Another aspect to be considered is whether or not nanotubes behave the same as larger cylinders as gas flows past them since their size compared to the gas molecules is far smaller than that of a macroscale cylinder to any gas flow. Tang and Advani  investigated the drag on a nanotube in uniform liquid argon flow and what they found was that the calculated results for the drag force are different from what one would expect from continuum mechanics. Their work comprised of calculating the drag coefficient from Molecular Dynamics (MD) simulations and comparing it to an empirical equation based on experiments using macroscale cylinders. What was found, surprisingly, was that for a low inlet velocity, the calculated drag from the empirical equation was much smaller than that from MD simulation. At higher flow velocities, the opposite was seen with the simulated drag from MD dropping faster and falling below the empirical result. This was attributed to slippage of the argon atoms on the nanotube at large velocities and confirmed by performing finite element method simulations of flow past a cylinder using continuum approach for the same dimensional similitude. Although this work made use of a liquid Argon flow, it provides a good premise to assume that even with a gas, at higher flow-rates, the drag on a straight carbon nanotubes will be lower than that expected by empirical calculations due to their small size.
Possibly one of the most important things to consider when investigating the effect of the helical shape is that of grouping. Coalescence is far more likely with irregular shapes and helical nanotubes provide far more points whereby other tubes can get hooked or stuck than their straight counterparts. Add to this the increased interaction of particles within the reactor due to the swirling action provided by the reactor’s design. The resulting clump or cluster of nanotubes would possess a far higher area by which the flowing gas could provide drag by which it would be far more easily lifted from the reactor. This would also help explain the lack of helical nanotubes present within samples taken from reactor walls after the completion of experiments.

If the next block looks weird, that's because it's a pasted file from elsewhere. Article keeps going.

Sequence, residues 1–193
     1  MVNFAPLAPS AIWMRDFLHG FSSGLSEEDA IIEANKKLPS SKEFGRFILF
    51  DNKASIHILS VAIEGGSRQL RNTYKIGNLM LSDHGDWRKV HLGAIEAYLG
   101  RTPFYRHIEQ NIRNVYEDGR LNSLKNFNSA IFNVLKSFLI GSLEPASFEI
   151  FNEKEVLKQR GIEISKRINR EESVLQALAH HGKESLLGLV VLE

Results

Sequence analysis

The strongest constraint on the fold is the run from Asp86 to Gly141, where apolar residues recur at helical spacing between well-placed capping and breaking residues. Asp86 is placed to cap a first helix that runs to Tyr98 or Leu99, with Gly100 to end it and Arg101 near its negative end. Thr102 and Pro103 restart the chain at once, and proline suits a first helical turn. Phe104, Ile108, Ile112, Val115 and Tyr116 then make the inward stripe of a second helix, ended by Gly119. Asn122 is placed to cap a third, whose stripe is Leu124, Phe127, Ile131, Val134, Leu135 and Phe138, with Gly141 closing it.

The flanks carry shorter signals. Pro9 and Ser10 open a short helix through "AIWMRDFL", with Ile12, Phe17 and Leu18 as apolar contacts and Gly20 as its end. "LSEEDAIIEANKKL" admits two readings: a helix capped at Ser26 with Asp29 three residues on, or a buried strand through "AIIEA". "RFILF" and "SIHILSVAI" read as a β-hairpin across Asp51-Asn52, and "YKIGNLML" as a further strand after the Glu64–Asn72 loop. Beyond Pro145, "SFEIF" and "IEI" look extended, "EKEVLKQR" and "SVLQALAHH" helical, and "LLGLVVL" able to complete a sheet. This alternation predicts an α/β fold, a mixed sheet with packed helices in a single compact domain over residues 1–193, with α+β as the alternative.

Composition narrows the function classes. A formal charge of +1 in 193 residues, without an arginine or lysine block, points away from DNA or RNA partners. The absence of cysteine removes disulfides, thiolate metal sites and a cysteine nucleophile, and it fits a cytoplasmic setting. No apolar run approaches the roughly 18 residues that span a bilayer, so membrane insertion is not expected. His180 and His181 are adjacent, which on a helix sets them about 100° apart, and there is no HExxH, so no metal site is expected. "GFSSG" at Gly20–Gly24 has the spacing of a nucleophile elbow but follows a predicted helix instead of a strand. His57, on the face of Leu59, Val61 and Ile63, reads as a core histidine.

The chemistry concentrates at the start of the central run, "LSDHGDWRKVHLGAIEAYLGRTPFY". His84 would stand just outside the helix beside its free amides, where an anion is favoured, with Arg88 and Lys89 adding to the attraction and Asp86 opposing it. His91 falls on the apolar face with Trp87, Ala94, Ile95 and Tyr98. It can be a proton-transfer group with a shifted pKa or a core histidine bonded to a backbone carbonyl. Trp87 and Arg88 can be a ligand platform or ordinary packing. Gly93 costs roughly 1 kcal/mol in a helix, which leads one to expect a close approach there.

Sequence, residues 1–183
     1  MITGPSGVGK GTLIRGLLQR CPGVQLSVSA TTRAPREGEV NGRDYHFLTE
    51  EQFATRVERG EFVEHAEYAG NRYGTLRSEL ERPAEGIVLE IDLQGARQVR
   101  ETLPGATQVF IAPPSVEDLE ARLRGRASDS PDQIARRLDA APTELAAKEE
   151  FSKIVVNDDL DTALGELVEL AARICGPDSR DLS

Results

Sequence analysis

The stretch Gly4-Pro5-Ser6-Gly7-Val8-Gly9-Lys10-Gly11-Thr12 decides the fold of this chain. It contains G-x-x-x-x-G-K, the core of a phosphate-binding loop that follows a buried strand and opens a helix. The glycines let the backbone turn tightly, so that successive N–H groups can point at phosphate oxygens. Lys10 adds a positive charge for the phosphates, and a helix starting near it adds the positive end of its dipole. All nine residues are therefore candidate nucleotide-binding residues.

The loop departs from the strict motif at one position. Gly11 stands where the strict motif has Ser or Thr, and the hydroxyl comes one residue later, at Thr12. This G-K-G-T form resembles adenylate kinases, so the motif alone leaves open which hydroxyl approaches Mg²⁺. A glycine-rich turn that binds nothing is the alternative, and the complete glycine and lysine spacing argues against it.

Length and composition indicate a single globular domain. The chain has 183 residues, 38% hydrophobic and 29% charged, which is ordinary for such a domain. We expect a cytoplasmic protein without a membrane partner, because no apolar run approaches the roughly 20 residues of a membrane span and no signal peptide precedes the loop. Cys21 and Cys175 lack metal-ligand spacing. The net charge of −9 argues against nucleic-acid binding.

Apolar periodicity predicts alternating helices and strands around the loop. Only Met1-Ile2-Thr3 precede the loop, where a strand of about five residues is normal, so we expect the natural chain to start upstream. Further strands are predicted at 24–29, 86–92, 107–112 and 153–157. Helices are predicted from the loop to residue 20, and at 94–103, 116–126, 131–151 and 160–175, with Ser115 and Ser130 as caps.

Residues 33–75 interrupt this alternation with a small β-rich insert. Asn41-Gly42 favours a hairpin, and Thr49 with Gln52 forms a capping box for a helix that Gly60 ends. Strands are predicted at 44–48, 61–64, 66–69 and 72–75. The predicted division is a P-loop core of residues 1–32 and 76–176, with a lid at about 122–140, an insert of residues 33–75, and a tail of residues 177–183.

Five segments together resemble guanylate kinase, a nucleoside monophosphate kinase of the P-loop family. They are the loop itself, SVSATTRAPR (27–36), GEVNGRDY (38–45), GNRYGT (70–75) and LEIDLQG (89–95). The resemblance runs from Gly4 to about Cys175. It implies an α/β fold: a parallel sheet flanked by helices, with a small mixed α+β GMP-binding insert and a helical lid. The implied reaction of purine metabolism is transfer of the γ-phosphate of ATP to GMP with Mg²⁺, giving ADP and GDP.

The continuous production of single-walled carbon nanotubes is still a fairly new field of research and a feasible method of a completely continuous production is yet to be proven due to their adhesion to the reactor and pipe walls. During investigations into the use of a swirled-fluid CVD reactor for continuous production, it was found that certain conditions resulted in tubes of varied diameter being found within the reactor itself with the product sample containing trace quantities of helical nanotubes with an approximate diameter below 100 nm, but far larger than some of the tubes that remained in the reactor.